Students who go off to college generally do so with the end goal of graduating into a career that will help them earn money. So why do so many of them have to focus on making money and living like a “grown-up” even before they’ve earned a degree?
Today’s college students are not necessarily the party-going sort who spend more time socializing than studying. Actually, according to research by Public Agenda, many of them are likely to be over 25, attending school part time, working 35 or more hours per week and/or taking care of children. Not exactly one big frat party, is it?
It’s no surprise, then, that 71 percent of students who leave school without attaining a degree do so because they need to make more money, and 41 percent of them leave to care for family. Colleges simply aren’t equipped to support the students who need a degree the most, and these students are left with no choice but to abandon their academic studies to take care of immediate, basic needs.
If you are a nontraditional student struggling to make ends meet, care for your family and earn a degree all at the same time, take heart. You have a bumpy road on the path to a degree, to be sure. But with a little forethought and the following tips, you can strike a balance between work and school and keep going after that degree you deserve.
- Get creative with your time. When you’re busy chauffeuring your kids around, doing your umpteenth load of laundry and trying to figure out what to make for dinner, that history exam won’t exactly be top of mind. However, with a little creativity, you’ll find that you can sneak in your schoolwork during those little moments of downtime throughout the day. Does your son have a basketball game? Bring along your study notes. Do you work at a job that lets you read a book when you’re not helping customers? Break out that history textbook. Chunking down your studies to bite-size pieces helps you retain information and avoid cramming the night before a big test.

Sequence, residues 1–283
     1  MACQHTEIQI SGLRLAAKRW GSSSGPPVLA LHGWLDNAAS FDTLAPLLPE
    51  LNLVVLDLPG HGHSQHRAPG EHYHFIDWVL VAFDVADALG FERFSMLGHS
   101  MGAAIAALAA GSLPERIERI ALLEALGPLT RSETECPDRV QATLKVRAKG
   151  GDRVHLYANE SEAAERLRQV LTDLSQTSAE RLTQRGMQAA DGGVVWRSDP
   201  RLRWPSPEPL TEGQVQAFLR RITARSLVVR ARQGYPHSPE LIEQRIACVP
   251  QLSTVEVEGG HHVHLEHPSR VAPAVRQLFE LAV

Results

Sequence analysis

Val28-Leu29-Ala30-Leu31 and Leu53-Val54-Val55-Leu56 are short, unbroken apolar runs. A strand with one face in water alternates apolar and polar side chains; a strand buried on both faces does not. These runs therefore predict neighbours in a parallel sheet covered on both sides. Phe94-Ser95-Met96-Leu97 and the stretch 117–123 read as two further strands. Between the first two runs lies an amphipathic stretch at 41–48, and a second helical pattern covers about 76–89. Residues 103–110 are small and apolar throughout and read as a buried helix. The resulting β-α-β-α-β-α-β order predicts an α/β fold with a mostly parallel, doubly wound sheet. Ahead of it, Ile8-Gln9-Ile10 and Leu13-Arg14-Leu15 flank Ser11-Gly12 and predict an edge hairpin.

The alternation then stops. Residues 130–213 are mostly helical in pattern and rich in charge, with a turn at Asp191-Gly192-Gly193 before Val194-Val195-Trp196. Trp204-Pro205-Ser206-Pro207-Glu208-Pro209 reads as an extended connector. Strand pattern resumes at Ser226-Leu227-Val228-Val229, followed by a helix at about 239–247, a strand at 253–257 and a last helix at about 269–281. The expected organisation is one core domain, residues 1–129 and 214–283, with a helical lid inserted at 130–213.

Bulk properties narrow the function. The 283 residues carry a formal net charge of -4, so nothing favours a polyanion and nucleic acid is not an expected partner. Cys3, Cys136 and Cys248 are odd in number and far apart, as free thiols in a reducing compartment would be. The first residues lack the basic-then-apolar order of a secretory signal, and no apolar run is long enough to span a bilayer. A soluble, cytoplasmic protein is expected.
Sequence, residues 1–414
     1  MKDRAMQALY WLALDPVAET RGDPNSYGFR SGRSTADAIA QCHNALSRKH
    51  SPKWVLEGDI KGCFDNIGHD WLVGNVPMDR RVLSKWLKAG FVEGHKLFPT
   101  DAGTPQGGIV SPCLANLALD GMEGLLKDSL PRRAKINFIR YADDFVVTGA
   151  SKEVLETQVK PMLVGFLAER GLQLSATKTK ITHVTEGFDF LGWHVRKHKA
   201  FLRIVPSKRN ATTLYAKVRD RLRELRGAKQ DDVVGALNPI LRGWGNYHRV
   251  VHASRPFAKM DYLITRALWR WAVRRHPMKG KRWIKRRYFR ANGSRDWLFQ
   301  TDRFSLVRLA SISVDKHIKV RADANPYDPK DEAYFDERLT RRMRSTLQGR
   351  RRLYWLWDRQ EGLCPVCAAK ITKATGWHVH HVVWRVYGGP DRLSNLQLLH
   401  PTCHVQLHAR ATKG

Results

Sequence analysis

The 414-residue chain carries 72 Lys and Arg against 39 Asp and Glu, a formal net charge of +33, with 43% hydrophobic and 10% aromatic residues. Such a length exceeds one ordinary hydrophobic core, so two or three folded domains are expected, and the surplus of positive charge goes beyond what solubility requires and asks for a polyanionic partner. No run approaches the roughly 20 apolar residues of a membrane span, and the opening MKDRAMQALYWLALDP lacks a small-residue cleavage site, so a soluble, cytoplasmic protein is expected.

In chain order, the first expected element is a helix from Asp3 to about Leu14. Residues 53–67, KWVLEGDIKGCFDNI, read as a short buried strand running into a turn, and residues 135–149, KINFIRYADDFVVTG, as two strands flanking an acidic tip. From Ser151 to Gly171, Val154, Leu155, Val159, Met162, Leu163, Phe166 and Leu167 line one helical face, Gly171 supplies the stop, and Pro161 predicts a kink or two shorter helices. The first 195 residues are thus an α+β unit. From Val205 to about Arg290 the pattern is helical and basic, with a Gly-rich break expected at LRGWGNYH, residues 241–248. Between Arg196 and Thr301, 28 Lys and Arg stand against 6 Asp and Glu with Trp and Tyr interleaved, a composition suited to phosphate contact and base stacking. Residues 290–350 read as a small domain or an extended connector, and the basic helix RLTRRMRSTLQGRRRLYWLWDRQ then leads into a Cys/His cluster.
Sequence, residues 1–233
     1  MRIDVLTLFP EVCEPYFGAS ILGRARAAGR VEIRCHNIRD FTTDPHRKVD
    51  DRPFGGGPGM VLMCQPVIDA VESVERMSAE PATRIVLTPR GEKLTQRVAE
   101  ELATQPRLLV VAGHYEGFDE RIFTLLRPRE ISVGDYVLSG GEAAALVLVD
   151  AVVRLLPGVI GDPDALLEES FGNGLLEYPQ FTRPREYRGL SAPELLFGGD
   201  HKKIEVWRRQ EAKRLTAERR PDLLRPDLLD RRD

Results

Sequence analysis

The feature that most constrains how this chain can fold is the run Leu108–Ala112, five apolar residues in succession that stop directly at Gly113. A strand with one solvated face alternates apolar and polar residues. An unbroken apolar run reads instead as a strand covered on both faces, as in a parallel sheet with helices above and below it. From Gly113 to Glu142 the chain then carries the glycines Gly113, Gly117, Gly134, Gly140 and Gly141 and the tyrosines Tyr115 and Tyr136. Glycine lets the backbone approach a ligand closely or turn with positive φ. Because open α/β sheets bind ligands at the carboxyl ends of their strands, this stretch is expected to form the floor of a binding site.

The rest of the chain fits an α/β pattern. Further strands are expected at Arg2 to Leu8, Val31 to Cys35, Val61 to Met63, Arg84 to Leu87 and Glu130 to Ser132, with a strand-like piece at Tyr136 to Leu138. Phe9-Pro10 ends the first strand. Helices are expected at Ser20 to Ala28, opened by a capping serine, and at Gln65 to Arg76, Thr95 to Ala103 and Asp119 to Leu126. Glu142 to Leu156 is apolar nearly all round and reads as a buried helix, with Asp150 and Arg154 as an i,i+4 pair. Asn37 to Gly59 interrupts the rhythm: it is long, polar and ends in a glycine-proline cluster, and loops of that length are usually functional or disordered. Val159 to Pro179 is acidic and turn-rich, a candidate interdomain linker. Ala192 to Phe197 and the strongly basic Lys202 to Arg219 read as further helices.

- Alleviate stress. Stress relief looks different for everyone. You might find that exercises such as yoga, running, hiking or weight training take the focus away from your stressors. Perhaps you enjoy reading, lighting a few candles and meditating before bed. Whatever it is that relaxes you, create a routine around it and stick to it just as you stick to your work schedule and studies.
- Fuel your body. It’s difficult to operate at your best when your body isn’t up to the task. When you’re burning the candle at both ends and eating junk food at every meal, your body will lack the nutrients and adequate sleep it needs to repair itself daily. Start by preparing your own meals and snacks, and pack them in a lunch bag. Shop the perimeter of grocery stores, where you typically will find whole foods such as produce, meats, dairy and whole grains. Go to bed 15 minutes earlier each night, until gradually, you are getting about seven to eight hours of sleep.